The Syariah law covers a wide range of activities, to outlaw what is considered immoral behavior and unislamic, including religious teachings that are regarded as deviations from the mainstream. In February 2005, 95 deviant groups were identified by the state government. Actions were taken against 73 groups.


The sentence handed down by the Pahang Syariah Court in June 2005 caught many by surprise. It was the first time in Malaysian Syariah history Muslims were sentenced to caning for consuming alcohol. Ironically, there were no provisions for the manner of execution with caning. The offenders were also fined RM5000 each.


This February, 65 students of a secondary school in Temerloh were disciplined for not wearing the school-approved headscarves. Responding to the incident, the Minister of Education affirmed the public that wearing headscarf was a matter of choice.


The trend in recent years, say the observers, not only expresses the religiosity of the state authorities, it also indicates that the religious bureaucracy was taking for granted the constant proclamation of Malaysia being an Islamic country.  Others believe that the authorities are under increasing pressure to follow religious laws as the political parties strive to show their Islamic credentials.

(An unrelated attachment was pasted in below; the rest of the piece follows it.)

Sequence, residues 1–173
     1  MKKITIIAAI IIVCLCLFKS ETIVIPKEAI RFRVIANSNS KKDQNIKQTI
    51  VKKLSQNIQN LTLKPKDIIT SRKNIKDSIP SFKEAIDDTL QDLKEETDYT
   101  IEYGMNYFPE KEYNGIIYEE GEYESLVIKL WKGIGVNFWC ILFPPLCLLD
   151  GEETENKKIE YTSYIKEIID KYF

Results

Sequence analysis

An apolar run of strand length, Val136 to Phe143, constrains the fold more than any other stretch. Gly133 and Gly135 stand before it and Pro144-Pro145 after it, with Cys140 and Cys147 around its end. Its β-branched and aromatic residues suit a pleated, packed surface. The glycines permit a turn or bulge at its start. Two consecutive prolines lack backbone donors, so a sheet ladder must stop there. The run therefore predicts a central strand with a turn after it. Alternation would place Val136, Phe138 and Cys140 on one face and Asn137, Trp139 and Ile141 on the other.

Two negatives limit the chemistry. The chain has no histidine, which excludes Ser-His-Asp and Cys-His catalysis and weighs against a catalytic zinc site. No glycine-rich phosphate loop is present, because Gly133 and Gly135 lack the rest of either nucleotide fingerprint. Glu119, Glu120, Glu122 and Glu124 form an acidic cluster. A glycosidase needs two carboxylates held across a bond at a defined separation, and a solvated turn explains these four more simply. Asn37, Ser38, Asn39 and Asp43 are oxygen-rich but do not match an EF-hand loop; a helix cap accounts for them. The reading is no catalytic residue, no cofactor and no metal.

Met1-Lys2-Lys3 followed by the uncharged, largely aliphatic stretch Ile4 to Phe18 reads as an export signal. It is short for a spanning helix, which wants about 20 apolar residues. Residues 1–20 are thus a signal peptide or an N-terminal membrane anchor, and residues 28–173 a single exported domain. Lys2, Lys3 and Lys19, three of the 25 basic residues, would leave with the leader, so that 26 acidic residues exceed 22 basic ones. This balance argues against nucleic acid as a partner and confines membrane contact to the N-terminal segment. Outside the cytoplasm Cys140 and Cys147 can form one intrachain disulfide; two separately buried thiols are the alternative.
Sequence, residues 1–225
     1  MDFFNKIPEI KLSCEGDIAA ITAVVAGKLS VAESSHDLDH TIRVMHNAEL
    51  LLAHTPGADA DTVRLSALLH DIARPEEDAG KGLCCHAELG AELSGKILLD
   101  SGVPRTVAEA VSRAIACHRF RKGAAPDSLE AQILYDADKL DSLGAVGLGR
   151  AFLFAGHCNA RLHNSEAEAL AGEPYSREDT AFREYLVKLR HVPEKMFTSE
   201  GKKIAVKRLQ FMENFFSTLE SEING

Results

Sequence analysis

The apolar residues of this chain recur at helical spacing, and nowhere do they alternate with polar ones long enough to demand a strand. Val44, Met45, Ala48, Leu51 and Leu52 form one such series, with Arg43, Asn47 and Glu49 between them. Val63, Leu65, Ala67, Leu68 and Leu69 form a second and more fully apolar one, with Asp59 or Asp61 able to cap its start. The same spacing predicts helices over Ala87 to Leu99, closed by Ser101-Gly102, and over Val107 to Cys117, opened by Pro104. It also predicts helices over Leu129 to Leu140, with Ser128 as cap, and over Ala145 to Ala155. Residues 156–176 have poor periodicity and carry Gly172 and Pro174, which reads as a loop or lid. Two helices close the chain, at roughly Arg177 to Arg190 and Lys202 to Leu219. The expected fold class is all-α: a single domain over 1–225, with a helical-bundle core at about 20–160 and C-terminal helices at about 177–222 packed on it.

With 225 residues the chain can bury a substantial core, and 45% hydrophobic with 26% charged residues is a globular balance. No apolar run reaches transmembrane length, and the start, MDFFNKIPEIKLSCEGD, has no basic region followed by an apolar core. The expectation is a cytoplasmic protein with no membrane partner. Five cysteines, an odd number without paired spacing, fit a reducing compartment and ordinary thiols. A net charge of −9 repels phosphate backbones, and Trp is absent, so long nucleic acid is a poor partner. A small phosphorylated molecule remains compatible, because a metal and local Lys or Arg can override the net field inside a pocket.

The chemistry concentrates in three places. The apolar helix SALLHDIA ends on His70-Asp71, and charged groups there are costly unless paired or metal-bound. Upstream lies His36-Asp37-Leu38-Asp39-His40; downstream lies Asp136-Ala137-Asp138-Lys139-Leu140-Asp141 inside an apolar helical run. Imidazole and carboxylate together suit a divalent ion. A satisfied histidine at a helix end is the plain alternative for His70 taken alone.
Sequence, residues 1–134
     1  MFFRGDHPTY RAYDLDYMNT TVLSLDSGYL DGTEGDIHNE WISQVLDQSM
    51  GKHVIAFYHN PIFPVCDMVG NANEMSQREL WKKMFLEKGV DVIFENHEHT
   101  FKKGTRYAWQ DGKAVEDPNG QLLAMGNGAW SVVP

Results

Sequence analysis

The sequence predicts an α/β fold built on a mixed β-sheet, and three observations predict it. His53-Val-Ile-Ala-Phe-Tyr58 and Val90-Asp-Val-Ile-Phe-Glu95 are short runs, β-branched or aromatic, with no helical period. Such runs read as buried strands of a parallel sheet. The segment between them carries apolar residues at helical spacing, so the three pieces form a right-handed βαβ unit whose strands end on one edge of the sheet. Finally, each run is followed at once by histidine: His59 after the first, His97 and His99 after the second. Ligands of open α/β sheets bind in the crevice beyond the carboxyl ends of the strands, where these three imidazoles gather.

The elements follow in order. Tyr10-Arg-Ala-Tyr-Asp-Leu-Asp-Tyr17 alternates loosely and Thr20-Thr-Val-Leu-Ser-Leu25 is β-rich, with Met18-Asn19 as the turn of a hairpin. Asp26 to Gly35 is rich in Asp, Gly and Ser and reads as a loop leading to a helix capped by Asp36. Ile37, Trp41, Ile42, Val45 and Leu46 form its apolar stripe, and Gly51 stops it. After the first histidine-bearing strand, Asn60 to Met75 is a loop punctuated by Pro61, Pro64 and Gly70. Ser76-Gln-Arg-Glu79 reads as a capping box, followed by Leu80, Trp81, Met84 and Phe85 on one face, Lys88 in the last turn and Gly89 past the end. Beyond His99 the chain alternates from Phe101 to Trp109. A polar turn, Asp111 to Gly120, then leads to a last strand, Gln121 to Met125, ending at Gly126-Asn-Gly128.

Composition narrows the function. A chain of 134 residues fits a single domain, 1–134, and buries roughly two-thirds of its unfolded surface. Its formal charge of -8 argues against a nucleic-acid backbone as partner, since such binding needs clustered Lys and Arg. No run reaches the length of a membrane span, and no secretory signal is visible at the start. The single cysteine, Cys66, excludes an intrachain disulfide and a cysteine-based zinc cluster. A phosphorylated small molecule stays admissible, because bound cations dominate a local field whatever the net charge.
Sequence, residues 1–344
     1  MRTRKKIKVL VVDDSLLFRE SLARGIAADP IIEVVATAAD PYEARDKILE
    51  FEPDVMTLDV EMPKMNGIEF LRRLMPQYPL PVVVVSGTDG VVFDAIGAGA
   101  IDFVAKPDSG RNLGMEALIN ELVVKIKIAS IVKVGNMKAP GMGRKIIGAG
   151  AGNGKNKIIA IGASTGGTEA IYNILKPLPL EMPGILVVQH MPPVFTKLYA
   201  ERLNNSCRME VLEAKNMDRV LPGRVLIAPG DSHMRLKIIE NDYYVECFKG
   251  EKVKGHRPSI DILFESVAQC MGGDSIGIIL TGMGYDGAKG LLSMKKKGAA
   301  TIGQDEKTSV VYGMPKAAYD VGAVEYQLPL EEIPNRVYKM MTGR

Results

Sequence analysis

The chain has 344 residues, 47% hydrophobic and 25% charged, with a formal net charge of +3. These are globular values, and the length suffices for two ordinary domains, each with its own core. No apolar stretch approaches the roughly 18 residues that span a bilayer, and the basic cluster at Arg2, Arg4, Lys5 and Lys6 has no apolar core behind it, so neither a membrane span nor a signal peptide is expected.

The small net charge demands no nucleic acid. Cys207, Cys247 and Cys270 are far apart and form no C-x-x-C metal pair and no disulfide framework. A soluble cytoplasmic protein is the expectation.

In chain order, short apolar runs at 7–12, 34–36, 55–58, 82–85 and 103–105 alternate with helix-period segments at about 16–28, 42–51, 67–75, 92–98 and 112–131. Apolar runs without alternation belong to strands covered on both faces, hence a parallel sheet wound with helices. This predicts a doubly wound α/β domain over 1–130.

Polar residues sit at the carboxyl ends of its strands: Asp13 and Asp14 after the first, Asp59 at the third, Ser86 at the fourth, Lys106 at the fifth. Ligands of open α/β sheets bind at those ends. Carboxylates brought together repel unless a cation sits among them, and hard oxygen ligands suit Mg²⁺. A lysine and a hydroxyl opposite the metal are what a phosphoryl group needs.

Such religious fervour has nevertheless spilled over to the communities of other faiths, even though relationship among all religious groups is generally amicable. The Orang Asli (OA) community seems to be most affected.


In September 2003, an OA church building in Kampung Pasu, Temerloh, was demolished by the district Land Office. Following an appeal a lum sum of RM35,000 was given as compensation from the prime minister's office. A new church has since been built but without power supply to this date (2008-5-16). In April 2007, the Temerloh land and district office informed the villagers of its decision not to provide water and eletricity to the church building, on grounds that it was built illegally on state land.  As of May 2008, the lawsuit is still pending (malaysiakini, 2008-5-16).